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election voet vendors and the systems being targeted is really something. >> these are both fairly informative hearings that did advance the ball about what happened. the core issue of the russian interference in the election. i thought it was interesting that jay johnson made the point that he made two efforts to try to help out and protect security and was rebuffed both times. first by the dnc. he said he offered home lald security's assistance to the dnc when he learned of the hack and the dnc didn't accept the help. at that point, the fbi was investigating. and then when he has this conference call with state election officials on august 15th of last year, he wants to get their support for designating state voting systems. part of the critical infrastructure that would trigger beefed up federal
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protections, and he gets this blowback, pushback from the state election officials. they don't want it. they fear a federal takeover of the election process. and he put the idea on a back burner. so as a result, two efforts about at this secretary of homeland security are both rebuffed during this russian cyber attack. >> and one of the takeaways from the hearing, not just johnson's testimony but other witnesses, these are systems very distributed. they're different vendors. different localities and different states. and they are penetratable. >> some people took solace in the fact to change outcome of an election would be extremely difficult. because the election system is so diffuse and run on state and local levels.
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and multiple jurisdictions, thousands of jurisdictions. it doesn't take much to have an impact. if fact the russians got in the data bases, and they did in two states. illinois and arizona. in illinois, there was 76,000 voters whose information was compromised. all you have to do is change a few digits in those voter registration efforts and then people go to the polls and they couldn't, there would be confusion at the polls. now, that didn't happen. but the potential for real havoc is there. >> all right. thank you for your time. >> still to come, news sign that the mueller investigation is gaining momentum. and senator al franken on whether the attorney general is avoiding testifying in front of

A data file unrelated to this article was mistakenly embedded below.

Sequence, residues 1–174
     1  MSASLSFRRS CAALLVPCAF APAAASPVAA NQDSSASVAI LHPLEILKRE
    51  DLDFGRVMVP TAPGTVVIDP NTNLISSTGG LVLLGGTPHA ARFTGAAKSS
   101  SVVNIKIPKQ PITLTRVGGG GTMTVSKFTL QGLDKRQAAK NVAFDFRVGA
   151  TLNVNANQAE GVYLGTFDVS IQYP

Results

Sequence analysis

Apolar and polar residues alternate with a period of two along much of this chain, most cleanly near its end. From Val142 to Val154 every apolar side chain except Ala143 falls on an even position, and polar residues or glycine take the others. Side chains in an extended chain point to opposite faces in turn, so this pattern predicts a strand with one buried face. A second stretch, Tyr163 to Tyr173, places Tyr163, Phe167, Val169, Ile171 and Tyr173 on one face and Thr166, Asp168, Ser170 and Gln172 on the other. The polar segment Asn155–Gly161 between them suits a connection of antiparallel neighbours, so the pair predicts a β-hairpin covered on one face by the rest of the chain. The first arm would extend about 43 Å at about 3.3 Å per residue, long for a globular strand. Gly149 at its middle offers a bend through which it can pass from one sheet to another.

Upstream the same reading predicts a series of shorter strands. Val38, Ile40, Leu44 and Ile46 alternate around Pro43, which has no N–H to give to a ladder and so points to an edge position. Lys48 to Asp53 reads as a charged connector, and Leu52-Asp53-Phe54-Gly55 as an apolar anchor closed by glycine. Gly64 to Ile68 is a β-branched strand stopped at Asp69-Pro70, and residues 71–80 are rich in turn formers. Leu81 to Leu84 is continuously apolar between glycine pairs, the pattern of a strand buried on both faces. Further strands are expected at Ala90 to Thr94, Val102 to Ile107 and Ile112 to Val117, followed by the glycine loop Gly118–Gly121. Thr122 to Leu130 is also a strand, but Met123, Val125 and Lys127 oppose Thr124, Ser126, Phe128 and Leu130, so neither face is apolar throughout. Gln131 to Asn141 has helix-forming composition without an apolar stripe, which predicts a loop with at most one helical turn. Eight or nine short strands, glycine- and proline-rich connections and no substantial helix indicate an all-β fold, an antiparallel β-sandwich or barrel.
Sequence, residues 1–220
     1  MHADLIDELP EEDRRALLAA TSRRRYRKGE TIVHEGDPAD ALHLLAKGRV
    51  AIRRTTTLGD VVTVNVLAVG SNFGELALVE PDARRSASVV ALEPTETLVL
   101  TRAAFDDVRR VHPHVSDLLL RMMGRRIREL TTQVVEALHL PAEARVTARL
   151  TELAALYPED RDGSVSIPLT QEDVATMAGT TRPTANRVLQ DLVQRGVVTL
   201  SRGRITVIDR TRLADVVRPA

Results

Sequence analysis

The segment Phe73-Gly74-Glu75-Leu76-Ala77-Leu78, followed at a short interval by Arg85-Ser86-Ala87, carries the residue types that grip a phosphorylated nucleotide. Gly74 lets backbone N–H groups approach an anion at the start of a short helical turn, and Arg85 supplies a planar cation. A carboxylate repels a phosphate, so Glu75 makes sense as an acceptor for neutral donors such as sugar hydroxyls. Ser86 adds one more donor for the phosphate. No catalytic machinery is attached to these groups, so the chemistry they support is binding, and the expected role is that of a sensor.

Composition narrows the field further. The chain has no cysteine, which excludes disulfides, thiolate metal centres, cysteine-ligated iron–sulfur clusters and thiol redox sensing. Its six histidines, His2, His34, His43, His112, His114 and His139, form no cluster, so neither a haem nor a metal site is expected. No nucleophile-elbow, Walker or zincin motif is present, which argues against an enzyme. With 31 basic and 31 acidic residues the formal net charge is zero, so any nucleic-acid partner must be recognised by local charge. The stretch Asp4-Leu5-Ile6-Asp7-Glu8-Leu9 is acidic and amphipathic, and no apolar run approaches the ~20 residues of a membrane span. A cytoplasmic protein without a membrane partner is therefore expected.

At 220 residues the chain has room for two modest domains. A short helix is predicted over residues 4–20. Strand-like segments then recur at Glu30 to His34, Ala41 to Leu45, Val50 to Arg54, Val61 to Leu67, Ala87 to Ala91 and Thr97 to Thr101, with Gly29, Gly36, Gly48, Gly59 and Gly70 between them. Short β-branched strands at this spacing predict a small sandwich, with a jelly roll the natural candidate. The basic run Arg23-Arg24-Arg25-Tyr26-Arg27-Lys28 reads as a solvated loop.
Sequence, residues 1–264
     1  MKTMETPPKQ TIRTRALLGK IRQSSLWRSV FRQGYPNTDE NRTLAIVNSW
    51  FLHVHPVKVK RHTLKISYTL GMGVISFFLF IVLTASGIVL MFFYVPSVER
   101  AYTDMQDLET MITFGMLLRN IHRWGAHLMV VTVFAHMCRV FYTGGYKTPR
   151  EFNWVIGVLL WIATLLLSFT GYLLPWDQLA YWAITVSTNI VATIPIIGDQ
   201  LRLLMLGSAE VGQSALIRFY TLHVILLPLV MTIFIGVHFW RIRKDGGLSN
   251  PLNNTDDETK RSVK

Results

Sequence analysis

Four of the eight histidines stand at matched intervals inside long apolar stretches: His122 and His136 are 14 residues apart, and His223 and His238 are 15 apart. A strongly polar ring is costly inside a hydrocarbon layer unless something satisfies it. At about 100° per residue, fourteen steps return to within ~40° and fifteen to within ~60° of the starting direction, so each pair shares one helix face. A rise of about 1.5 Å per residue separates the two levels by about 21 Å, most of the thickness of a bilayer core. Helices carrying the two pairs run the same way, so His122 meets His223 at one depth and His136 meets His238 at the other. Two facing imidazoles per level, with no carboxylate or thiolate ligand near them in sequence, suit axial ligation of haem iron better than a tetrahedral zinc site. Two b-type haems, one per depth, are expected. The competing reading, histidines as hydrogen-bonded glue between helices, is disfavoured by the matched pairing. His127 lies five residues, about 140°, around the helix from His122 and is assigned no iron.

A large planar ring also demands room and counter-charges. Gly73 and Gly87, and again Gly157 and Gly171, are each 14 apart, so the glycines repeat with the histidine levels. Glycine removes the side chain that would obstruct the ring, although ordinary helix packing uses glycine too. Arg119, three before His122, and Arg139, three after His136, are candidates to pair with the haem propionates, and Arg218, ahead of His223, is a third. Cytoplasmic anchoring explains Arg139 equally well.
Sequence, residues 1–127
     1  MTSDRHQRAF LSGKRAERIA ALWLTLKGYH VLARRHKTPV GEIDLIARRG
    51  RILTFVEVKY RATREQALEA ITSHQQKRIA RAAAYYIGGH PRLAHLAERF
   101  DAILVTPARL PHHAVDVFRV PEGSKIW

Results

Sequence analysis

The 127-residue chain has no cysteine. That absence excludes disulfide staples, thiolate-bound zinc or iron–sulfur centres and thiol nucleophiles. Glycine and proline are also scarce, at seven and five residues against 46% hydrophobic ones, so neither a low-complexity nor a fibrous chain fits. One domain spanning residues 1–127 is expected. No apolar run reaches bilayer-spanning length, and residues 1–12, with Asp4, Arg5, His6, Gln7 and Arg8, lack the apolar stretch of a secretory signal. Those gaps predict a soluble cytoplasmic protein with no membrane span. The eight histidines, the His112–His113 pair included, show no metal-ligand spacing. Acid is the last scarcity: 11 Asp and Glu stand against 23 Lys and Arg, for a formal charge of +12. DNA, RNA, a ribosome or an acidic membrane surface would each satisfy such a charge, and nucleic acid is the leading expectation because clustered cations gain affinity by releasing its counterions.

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there is no collusion, no communication. it's time to move on. what is bob mueller doing? i don't understand his role anymore. everyone has said there is nothing here. so the investigation should be ended immediately. the president's former campaign manager appeared on the president's favorite cable news show this morning extend the campaign against robert mueller's investigation. the president himself will be on the show later this week for his first on camera interview in over a month. while his allies are trying to undermine the investigation,
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mueller's investigation appears to be picking up steal. he's been on a hiring spree. he is meeting with the acting director to ensure he has all the information and resources he needs. and he has been bheeg the investigative committees in congress to discuss staying out of each other's way. last week he met with the heads of the senate intelligence committee. yesterday, today, mueller is back on capitol hill. this time for a leading member of the intelligence committee. asked what they plan to discuss, senator grassley wouldn't rule anything out. >> there are some areas that i won't go into. he can't interfere with. probably he'll tell us that we can't interfere with. >> is obstruction one of those areas? possibly the president obstructing justice? >> i think everything is on the table. >> a member of the committee